Shamanism is the traditional religion of the nomads and horsemen that occupied Mongolia. Mongolians have traditionally believed that shaman had the ability to “soul travel” and cure the sick. This belief helped them deal with the unexplained aspects of their natural world and its unanticipated hardships. Shamanism is still practiced by the Mongolians and practiced by minorities such as the Tsaatan, Darkhad, Uriankhai and Buryats.

In Mongolia both men and women can be shaman but a distinction is made between hereditary ones and those who have become shaman after suffering a serious illness. Shaman have traditionally been sought out to cure sickness and act as intermediaries between the human and spiritual world, often by going into a trance sometimes for hours at a time. During the Great Sacrifice, traditionally held on the third day of the after the lunar New Year, shaman divined the future from cracks made in heated sheep shoulder blades.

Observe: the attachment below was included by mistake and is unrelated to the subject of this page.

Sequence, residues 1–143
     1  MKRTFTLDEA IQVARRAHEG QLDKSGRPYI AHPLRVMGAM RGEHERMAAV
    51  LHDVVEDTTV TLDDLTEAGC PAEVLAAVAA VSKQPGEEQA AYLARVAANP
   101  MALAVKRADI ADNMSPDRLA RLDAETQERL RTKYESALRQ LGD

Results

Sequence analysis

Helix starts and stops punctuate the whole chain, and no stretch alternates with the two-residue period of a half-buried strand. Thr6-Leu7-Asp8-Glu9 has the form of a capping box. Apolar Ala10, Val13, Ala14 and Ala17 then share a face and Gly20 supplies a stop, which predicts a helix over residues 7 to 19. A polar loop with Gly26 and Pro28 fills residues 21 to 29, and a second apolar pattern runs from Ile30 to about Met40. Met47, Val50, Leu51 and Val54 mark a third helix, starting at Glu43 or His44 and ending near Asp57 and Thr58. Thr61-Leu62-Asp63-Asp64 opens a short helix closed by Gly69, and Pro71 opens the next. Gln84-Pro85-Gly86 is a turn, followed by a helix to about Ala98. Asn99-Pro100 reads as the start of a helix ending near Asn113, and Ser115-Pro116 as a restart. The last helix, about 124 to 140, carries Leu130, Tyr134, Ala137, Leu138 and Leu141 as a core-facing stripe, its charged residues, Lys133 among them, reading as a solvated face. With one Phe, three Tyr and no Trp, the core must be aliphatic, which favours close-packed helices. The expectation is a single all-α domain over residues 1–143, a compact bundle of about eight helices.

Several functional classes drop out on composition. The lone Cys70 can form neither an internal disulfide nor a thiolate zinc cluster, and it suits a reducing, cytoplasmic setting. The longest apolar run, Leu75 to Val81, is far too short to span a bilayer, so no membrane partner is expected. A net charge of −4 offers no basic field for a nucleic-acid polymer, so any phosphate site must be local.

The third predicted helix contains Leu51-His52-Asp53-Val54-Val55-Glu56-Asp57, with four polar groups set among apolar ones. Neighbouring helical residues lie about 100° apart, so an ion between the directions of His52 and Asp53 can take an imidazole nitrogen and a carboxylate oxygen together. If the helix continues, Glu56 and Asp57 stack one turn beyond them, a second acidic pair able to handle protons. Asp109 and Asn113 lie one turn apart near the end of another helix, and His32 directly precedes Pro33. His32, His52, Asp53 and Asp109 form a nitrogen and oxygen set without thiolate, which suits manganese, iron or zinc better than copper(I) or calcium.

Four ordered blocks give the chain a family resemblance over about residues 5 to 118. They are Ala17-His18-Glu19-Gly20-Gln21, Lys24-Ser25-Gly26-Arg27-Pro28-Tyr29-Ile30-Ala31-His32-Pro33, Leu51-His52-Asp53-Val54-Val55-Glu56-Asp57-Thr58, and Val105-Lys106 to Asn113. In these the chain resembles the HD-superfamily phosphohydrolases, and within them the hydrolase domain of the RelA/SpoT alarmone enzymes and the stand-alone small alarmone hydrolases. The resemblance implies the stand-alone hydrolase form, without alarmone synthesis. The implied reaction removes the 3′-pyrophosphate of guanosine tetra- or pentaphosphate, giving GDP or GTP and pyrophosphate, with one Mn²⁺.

Shamanism also remains alive in common daily rituals such as rubbing holy stones together and the traditional blessing of dipping a finger in milk and flicking it towards the sky in honor of local spirits. After a statue of Stalin was removed, peasant sprinkled milk on it to "prevent his angry evil spirit from returning to haunt them. "

Tibetan Buddhism practiced in Mongolia is influenced by shamanism. During Tibetan New Year’s celebrations shaman have traditionally presided over parades in which Buddhist images were pulled on carts with the head of a magical green horse.


Ovoos in Tibet
Ovoos are piles of stones, often with prayer scarves to attached them, that are still widely found in Mongolia today. Originally the product of shamanistic practices, they are found scattered across the steppe and desert and in the mountains, marking sacred places or auspicious points on a journey or dwelling place of spirits. Some are just a pile of a few stones. Others are elaborate arrangements with prayer flags and poles with the skulls of yaks or cattle on top of them. Sometimes skulls of highly prized horses rest on top.